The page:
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By: MarkJ - 23 October, 2010 (6:21 AM)
uk mapThe UK coalition government has revealed some new bits of information about its recently announced "superfast" Next Generation Access (NGA) broadband pilots in the Highlands and Islands (Scotland), Cumbria, North Yorkshire and the Golden Valley, Herefordshire (England). The projects were officially revealed on Wednesday as part of the Chancellor's Spending Review.

The pilot exercise aims to help establish the commercial costs and challenges involved in rolling out superfast broadband across the UK. It's now understood that each pilot area will receive between £5m and £10m in funding from the £530m being set aside.

UK Government Statement

Work will begin on upgrading the broadband infrastructure in the four areas following further definition of the pilots and a procurement process. It is hoped that suppliers will start rolling out upgraded infrastructure within a year. The pilots will be paid for with a combination of public and private investment.

It's understood that some of the pilots could take up to 18 months before the deployment phase. In addition many of the areas, not least North Yorkshire (NYnet) and the Scottish Highlands/Islands (Pathfinder North Project), have already had millions spent upon them. However in most cases this involved broadband projects to connect local authorities (council, schools, police etc.) and businesses, not residents.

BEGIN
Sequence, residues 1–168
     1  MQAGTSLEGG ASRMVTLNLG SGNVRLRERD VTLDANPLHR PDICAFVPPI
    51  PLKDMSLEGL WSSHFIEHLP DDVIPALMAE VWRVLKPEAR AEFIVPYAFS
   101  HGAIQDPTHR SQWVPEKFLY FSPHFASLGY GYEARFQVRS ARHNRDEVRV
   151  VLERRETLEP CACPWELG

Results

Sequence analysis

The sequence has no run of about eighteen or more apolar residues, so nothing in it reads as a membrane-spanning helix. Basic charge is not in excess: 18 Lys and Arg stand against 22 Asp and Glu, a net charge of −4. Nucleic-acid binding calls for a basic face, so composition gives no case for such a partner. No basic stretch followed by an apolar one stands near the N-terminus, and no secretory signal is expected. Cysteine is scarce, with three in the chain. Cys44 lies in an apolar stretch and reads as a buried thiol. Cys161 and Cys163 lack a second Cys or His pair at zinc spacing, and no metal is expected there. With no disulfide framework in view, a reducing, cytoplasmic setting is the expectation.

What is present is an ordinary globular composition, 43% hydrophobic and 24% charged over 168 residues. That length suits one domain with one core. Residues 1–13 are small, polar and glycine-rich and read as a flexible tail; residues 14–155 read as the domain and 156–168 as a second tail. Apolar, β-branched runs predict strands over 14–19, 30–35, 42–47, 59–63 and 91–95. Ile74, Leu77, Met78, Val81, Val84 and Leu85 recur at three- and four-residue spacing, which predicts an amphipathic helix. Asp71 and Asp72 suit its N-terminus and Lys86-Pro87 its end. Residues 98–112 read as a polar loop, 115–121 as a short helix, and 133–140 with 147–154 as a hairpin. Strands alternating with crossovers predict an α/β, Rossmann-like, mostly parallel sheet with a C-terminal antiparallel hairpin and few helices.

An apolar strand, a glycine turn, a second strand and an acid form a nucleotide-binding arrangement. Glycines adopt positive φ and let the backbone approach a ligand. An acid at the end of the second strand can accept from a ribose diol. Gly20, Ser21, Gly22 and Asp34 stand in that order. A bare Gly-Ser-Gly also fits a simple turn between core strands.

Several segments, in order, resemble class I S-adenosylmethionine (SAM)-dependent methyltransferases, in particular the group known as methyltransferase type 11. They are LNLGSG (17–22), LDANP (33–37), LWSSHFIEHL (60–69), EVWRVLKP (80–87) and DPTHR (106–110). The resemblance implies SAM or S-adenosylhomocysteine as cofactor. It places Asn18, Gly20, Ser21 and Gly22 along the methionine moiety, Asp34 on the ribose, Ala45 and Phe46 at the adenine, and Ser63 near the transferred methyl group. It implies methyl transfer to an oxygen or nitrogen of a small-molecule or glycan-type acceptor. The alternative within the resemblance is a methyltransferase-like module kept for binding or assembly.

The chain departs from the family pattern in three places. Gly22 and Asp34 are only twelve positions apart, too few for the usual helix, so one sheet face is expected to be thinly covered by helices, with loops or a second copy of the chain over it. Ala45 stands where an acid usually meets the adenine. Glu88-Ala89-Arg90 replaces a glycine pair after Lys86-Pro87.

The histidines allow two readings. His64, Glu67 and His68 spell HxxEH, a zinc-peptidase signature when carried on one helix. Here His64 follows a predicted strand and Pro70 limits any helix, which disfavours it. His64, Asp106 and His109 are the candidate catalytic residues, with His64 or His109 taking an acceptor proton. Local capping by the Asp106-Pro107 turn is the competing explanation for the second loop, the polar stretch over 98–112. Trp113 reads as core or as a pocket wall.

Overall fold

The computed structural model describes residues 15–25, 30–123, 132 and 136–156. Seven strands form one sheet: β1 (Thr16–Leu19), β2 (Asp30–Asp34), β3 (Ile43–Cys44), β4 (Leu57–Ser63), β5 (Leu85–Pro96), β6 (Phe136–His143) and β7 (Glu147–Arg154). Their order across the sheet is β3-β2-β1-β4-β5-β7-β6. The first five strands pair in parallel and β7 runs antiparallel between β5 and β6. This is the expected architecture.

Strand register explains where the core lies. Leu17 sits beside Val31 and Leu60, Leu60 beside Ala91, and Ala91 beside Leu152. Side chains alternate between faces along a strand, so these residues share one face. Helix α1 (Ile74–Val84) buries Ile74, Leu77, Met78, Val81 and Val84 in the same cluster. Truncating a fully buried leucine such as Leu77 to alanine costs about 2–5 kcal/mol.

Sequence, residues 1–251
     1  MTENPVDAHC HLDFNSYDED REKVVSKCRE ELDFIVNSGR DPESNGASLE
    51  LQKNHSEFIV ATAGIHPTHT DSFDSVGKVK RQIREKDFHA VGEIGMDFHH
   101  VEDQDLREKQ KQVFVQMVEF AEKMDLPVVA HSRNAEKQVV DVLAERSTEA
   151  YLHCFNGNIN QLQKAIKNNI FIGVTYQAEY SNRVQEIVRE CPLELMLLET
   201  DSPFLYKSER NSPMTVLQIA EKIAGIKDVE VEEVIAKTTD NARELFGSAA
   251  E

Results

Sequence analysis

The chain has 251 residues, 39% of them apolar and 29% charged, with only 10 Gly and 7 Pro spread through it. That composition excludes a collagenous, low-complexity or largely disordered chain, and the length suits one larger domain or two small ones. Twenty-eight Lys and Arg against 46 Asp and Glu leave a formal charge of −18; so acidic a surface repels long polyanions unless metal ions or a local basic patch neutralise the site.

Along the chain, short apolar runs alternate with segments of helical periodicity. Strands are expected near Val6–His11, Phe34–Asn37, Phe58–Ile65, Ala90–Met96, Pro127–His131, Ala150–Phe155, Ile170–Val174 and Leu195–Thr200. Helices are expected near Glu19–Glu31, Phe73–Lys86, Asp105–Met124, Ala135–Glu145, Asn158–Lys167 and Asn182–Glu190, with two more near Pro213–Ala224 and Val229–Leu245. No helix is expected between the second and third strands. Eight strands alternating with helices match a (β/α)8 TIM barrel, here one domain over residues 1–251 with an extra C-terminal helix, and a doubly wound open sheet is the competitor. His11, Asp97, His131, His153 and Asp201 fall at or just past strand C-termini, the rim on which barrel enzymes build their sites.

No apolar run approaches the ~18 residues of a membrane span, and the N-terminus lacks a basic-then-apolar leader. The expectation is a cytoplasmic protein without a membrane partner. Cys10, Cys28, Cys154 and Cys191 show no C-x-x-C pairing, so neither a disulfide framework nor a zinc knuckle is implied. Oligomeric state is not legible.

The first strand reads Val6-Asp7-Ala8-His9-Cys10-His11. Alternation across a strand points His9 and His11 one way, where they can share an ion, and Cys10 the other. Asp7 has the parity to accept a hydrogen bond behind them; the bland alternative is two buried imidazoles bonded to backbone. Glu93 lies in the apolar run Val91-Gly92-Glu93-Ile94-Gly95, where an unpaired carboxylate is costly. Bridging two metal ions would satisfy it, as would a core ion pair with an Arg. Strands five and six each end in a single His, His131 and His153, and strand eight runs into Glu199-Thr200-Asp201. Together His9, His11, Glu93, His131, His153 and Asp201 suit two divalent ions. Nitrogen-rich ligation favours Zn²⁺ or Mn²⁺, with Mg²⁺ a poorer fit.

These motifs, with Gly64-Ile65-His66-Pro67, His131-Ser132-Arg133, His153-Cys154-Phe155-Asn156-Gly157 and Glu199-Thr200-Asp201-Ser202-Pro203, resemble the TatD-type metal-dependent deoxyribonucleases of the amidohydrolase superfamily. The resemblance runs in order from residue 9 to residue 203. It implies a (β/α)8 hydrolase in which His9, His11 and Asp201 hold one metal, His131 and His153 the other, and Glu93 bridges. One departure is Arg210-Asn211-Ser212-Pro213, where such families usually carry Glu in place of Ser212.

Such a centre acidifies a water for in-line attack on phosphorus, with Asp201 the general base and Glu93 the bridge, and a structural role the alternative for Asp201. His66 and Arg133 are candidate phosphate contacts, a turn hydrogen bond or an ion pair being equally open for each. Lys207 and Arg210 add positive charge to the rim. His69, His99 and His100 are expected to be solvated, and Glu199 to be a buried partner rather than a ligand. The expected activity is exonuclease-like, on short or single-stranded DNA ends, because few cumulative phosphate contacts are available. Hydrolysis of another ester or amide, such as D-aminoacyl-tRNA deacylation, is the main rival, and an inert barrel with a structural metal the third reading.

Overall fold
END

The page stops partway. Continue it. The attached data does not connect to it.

The money itself is a tiny amount for such sizable locations, although with innovative use and the right regulatory environment it could go a lot further than you might think. Smaller ISPs have already shown that they can deliver superfast broadband for considerably less than the largest operators, such as BT Group, and the real test could be in whether or not the government recognises this.

UPDATE 25th October 2010

We missed this last week but Point Topic also had some further details to add.

BDUK is in the process of preparing a paper drawing conclusions from the exercises which is to be published on the BIS website.

These conclusions are likely to include:
* The importance of backhaul given it is a major element both in terms of capex and opex. In order to deliver 2Mbps download speeds appropriate backhaul has to be in place. Indeed, if this is provided then most solutions will deliver over and above 2Mbps services.

* The appeal of mixed fixed and wireless technology solutions. This approach is overwhelmingly regarded as the answer to delivering 2Mbps or more services to remote rural locations. One technology alone, perhaps with some exceptions in terms of satellite, will not cut it.

* The areas chosen for the USC exercises contain too few households to be viable on their own for most companies. Generating sufficient revenue in these areas to cover opex will be difficult. They would therefore probably need to be part of a bigger project to be considered as candidates for pilot schemes.

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